Some people worry about robots taking over their jobs, but librarians at the New York Public Library aren’t concerned at all about the new machines that are helping them with their work. As adorable as it is efficient, the NYPL’s little red book train carries tomes beneath Bryant Park and onward to the library’s circulation desks. Thanks to a special video produced by The New York Times, we can all take a gander at the library’s latest high-tech addition, which began taking books on a five-minute ride through the building in October.

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In all, there are 24 little red train cars following the sophisticated track, which originates in the recently opened book bunker that added 55,600 square feet of space to the library’s main branch on Fifth Avenue. The train track extends more than 950 feet, following a path that is both horizontal and vertical. Books carried along the train wind up at the circulation desks on the library’s first and third floors.

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The book train is a new addition, replacing a 25-year-old system of conveyor belts and mechanized lifts operated by chains and belts. That system had become faulty over time, and as the downtime and maintenance increased, library officials realized a more modern solution was long overdue. Gerry Oliva, the library system’s director of facility operations, told the NYT that the book train was a welcome addition. “Both the staff and the public who have seen it have been pretty enamored by it,” he said.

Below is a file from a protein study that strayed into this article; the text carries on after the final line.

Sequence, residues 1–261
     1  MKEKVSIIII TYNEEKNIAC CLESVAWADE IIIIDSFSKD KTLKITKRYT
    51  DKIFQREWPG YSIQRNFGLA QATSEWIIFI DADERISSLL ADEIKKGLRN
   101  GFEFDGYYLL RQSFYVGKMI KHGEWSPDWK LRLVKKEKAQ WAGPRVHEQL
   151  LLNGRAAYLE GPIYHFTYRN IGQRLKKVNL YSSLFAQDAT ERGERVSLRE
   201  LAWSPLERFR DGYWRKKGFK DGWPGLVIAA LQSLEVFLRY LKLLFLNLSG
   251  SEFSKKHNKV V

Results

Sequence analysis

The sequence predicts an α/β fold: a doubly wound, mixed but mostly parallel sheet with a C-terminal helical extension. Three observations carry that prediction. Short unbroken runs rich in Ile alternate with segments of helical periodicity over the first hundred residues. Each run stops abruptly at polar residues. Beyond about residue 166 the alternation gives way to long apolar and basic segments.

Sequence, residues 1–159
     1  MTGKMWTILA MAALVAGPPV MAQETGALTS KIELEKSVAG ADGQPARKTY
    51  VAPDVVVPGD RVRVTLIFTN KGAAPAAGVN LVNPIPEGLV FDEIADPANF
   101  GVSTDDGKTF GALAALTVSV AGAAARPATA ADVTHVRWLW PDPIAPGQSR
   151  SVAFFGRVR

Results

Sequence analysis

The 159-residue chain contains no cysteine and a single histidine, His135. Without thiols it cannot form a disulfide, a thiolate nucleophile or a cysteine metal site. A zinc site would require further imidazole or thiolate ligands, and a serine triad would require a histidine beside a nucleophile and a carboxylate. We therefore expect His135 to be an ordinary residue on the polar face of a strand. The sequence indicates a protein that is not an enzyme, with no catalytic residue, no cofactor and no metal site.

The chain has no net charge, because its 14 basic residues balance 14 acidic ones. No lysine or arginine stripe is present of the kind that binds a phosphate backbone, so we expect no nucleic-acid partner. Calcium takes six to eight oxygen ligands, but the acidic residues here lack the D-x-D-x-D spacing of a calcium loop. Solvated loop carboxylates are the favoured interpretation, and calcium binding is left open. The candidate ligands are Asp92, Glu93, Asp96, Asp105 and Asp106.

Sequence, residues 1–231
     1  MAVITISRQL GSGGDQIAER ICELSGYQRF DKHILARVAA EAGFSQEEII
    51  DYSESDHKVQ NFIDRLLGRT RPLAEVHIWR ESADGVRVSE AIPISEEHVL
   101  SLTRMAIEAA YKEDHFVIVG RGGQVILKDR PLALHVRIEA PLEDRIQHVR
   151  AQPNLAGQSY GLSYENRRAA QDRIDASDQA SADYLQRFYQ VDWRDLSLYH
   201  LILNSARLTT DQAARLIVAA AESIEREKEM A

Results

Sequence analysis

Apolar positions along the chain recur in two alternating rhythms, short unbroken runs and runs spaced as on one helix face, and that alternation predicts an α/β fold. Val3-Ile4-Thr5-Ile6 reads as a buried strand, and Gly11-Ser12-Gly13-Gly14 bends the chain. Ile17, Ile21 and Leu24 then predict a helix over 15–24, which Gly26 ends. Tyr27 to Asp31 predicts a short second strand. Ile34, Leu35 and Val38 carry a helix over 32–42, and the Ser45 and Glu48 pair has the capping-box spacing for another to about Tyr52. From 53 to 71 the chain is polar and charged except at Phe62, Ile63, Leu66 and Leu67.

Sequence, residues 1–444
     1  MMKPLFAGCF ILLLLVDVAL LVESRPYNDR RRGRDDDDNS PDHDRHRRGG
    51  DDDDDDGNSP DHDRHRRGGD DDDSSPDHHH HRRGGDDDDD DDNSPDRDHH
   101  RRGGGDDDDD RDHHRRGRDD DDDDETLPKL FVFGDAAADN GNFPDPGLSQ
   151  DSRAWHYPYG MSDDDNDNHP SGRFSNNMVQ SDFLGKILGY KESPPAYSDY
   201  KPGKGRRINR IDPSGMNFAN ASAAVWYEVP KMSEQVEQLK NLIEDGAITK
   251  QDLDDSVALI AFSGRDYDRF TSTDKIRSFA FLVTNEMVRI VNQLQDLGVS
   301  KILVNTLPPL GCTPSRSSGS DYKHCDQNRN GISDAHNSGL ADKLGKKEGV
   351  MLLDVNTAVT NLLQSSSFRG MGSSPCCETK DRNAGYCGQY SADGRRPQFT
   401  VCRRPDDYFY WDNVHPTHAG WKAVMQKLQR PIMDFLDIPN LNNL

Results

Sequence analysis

The new book train is twice as fast as the previous book-moving system, and is expected to have fewer outages. Where the old system would completely shut down when any single part failed, the book train is much easier to repair and maintain, and a single failure won’t cause the entire train to stop. Given the train’s $2.6 million cost, that’s good news for books and book lovers alike.


Images via The New York Times video screenshots